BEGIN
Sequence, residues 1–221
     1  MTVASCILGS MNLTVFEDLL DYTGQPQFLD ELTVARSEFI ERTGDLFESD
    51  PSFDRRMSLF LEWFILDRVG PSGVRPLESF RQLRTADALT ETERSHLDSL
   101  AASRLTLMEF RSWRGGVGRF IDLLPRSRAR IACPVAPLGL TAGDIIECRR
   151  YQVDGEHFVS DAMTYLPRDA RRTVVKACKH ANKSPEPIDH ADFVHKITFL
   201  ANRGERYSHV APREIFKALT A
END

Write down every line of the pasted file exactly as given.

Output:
Sequence, residues 1–221
     1  MTVASCILGS MNLTVFEDLL DYTGQPQFLD ELTVARSEFI ERTGDLFESD
    51  PSFDRRMSLF LEWFILDRVG PSGVRPLESF RQLRTADALT ETERSHLDSL
   101  AASRLTLMEF RSWRGGVGRF IDLLPRSRAR IACPVAPLGL TAGDIIECRR
   151  YQVDGEHFVS DAMTYLPRDA RRTVVKACKH ANKSPEPIDH ADFVHKITFL
   201  ANRGERYSHV APREIFKALT A